Education of German Lutheran elites at the turn of the 20th century based on the example of Royal Gymnasium in Ełk
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Uniwersytet Warmińsko-Mazurski w Olsztynie
Stefan Marcinkiewicz •
Online publication date: 2021-06-16
Publication date: 2021-06-16
KMW 2021;311(1):34–51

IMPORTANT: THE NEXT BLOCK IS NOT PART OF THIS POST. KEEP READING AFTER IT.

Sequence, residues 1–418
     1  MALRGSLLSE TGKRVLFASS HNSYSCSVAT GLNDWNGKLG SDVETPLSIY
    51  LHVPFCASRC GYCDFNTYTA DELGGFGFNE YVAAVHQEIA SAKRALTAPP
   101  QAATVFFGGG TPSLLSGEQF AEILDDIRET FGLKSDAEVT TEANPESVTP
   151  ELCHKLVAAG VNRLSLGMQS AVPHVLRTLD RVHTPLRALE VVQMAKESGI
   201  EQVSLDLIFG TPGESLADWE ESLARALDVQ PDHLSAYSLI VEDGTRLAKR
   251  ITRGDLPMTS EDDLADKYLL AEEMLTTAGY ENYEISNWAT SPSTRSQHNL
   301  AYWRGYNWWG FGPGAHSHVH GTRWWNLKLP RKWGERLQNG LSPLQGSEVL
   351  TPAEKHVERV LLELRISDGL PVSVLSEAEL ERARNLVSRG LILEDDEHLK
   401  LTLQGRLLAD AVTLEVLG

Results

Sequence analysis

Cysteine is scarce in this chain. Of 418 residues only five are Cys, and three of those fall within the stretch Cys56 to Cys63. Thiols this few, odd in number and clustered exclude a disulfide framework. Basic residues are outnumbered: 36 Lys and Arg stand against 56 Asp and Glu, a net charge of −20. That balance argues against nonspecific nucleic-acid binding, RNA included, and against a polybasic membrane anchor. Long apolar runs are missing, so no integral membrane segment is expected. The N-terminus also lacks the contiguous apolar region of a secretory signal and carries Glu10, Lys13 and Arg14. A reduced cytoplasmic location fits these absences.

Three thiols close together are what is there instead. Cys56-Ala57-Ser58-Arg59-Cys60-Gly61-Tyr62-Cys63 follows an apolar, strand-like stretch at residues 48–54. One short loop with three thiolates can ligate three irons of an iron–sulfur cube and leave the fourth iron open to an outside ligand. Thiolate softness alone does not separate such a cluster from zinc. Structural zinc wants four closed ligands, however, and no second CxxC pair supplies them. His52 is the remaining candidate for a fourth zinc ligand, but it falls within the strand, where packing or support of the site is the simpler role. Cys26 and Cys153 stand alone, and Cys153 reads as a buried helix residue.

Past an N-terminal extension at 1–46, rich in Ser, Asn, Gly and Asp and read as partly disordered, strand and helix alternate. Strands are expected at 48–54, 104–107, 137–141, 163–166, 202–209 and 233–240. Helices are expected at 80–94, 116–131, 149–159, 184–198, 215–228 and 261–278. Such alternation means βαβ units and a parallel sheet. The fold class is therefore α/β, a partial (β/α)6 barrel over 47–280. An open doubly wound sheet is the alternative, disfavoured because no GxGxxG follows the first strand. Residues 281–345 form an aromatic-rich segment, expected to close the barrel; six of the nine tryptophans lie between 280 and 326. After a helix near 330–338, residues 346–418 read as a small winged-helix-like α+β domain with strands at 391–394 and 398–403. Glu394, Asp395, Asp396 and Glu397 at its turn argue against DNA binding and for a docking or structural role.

This article is devoted to the education of elites in the German Empire at the turn of the 19th century. The issue is presented based on the example of the alumni of the Royal Gymnasium in Ełk. After the Napoleonic Wars, together with the reforms of Prussia, the awakening nationalism foreshadowed the end of Prussia as a multinational state as well as the birth of an industrial society. In Ełk, a former provincial school was transformed into a Latin Gymnasium. The school was expected to henceforth educate the elites of a modern state with its complex administration and military, as well as to transmit one corpus of knowledge and a domineering culture. The reports written by the headmasters of the Royal Gymnasium of Ełk in 1884–1910 suggest that its alumni mainly consisted of sons of the representatives of the middle and upper class. Officials, clergy, representatives of liberal professions, military men, teachers and merchants coming from different parts of the German state educated their sons in the Gymnasium in Ełk, passing on their social status to their descendants. The Royal Gymnasium of Ełk was a kind of transmission medium of German culture, educating above all Lutheran and German elites. Simultaneously, most Masurians were educated in the “German and Prussian spirit” by the system of public schools. The age of steam and electricity was dominated by a belief that people should be subjected to a cultural standardisation. The creation of a nation that would be uniform in terms of culture was intended to be achieved by means of a centrally managed system of education.